Perverse incentives risk undermining biodiversity offset policies — new paper by Gordon et al

Ascelin Gor­don, Joe Bull, Chris Wilcox and Mar­tine Maron have pub­lished a new paper enti­tled “Per­verse incen­tives risk under­min­ing bio­di­ver­sity off­set poli­cies” in Jour­nal of Applied Ecol­ogy (Feb­ru­ary 2015). Read more on the Jour­nal web­site (pay-walled). For more infor­ma­tion see also a the sum­mary below.



  1. Off­set­ting is emerg­ing as an impor­tant but con­tro­ver­sial approach for man­ag­ing environment–development con­flicts. Bio­di­ver­sity off­sets are designed to com­pen­sate for dam­age to bio­di­ver­sity from devel­op­ment by pro­vid­ing bio­di­ver­sity gains elsewhere.
  2. Here, we sug­gest how bio­di­ver­sity off­set poli­cies can gen­er­ate behav­iours that exac­er­bate bio­di­ver­sity decline, and iden­tify four per­verse incen­tives that could arise even from soundly designed policies.
  3. These include incen­tives for (i) entrench­ing or exac­er­bat­ing base­line bio­di­ver­sity declines, (ii) wind­ing back non-offset con­ser­va­tion actions, (iii) crowd­ing out of con­ser­va­tion vol­un­teerism and (iv) false pub­lic con­fi­dence in envi­ron­men­tal out­comes due to mar­ket­ing off­set actions as gains.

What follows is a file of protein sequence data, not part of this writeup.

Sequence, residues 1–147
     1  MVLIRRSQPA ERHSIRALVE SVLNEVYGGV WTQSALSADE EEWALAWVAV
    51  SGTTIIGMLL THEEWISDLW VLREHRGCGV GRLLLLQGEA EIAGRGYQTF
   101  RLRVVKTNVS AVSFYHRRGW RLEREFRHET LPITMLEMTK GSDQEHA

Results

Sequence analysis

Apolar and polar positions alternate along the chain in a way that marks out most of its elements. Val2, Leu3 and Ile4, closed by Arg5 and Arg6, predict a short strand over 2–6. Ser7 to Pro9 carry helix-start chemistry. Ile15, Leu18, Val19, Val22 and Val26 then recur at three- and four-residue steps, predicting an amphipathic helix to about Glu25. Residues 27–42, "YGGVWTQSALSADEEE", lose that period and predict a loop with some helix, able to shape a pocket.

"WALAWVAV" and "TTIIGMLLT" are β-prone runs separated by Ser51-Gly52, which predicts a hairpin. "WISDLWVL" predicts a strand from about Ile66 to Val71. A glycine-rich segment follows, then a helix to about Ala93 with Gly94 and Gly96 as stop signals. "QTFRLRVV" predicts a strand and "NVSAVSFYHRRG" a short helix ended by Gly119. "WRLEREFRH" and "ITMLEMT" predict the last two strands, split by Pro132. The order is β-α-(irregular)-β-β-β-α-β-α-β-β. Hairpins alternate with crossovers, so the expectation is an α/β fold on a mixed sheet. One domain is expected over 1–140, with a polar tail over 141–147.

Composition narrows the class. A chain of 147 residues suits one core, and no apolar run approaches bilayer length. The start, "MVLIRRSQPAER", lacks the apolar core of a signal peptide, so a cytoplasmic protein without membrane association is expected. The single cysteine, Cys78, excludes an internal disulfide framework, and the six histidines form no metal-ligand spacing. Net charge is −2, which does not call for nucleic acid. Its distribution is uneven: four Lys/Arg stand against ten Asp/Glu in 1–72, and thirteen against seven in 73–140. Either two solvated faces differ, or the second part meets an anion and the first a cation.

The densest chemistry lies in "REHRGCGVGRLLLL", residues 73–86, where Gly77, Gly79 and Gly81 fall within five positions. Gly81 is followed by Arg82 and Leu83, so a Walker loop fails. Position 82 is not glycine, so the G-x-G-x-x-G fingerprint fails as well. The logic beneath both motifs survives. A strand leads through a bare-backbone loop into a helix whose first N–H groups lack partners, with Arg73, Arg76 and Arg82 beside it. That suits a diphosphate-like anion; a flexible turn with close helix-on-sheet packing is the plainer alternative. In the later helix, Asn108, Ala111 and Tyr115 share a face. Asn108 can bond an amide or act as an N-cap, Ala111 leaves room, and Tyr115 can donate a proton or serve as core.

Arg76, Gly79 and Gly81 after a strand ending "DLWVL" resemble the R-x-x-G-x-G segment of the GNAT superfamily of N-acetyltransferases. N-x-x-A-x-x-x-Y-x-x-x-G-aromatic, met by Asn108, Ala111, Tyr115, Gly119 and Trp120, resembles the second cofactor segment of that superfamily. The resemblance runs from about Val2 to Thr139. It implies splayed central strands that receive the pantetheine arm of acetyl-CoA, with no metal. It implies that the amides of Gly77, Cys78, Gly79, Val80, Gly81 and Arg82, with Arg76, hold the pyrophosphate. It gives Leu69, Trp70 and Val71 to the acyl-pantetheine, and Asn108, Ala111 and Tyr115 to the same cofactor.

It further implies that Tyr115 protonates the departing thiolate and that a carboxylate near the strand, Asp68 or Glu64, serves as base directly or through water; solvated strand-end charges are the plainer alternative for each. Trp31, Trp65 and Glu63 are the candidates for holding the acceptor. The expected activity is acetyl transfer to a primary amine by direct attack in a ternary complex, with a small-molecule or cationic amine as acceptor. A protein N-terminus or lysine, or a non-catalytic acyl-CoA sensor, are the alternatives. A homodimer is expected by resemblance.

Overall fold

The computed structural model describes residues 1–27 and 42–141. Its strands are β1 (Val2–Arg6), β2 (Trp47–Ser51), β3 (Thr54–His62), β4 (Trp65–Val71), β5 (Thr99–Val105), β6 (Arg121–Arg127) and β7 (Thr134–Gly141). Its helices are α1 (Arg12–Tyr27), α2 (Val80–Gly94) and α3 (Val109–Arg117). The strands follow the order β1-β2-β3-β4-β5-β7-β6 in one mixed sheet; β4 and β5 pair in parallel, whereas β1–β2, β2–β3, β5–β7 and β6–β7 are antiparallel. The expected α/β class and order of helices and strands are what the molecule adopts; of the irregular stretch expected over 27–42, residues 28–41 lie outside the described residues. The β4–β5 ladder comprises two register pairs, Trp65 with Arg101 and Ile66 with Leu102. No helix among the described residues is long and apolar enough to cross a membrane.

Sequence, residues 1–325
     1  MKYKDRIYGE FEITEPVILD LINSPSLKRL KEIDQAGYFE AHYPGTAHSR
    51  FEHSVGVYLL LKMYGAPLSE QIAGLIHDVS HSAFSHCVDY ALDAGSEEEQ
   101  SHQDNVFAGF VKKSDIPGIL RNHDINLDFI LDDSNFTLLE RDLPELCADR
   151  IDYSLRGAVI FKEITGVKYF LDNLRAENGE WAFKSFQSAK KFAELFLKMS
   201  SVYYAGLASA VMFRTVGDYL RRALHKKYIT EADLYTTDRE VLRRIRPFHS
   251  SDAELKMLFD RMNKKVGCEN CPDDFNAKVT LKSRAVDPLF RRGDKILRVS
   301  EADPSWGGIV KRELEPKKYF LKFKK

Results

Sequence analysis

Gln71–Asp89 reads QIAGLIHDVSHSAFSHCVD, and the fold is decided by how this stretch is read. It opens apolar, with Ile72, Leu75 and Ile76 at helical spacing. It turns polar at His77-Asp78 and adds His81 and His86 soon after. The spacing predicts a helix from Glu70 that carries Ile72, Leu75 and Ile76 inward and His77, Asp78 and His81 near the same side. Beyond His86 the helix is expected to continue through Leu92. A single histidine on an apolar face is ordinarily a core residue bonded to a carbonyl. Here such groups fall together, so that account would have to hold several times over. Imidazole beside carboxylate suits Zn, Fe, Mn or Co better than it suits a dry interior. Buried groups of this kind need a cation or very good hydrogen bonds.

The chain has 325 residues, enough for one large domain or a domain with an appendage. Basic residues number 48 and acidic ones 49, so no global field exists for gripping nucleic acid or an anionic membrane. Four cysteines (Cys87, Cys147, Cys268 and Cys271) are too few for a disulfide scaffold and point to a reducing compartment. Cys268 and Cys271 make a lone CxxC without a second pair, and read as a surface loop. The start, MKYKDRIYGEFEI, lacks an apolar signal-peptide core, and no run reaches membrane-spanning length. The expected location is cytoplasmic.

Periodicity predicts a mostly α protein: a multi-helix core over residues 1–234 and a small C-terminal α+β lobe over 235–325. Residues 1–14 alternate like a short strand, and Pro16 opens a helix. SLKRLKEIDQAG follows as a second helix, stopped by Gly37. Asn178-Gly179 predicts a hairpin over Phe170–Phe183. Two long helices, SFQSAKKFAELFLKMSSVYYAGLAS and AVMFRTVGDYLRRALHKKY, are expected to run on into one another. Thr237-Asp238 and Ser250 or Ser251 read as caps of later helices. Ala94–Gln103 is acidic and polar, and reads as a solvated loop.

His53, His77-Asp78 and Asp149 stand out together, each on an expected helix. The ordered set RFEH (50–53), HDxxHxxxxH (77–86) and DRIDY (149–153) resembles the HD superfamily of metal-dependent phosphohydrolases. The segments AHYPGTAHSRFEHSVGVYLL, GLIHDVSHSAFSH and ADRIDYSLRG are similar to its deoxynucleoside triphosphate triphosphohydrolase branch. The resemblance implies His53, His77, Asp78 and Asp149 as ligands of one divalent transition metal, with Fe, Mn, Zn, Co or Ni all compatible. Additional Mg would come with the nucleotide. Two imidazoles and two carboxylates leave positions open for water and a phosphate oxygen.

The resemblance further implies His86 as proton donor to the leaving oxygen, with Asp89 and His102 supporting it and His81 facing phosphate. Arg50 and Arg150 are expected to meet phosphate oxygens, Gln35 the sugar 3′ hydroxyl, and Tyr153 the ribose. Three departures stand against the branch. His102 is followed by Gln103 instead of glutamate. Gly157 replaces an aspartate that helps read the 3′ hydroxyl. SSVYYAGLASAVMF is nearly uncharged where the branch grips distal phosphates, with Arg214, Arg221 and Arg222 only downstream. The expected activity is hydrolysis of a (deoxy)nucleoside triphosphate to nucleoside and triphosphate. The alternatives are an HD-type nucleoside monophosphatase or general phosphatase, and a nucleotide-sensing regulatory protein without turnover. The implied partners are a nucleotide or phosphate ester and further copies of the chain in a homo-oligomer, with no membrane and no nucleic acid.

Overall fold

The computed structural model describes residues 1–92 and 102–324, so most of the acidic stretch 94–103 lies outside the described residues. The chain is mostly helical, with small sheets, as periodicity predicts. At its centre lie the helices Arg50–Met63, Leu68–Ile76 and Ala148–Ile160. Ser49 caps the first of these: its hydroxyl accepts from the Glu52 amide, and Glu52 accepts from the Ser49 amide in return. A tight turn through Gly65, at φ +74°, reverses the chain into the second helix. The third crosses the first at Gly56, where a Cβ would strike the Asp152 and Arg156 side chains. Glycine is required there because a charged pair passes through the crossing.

4. Syn­the­sis and appli­ca­tions. Despite its goal of improv­ing bio­di­ver­sity out­comes, there is poten­tial for best-practice off­set­ting to achieve the oppo­site result. Reduc­ing this risk requires cou­pling off­set cred­it­ing base­lines to mea­sured tra­jec­to­ries of bio­di­ver­sity change and under­stand­ing the poten­tial inter­ac­tion between off­set­ting and other envi­ron­men­tal policies.

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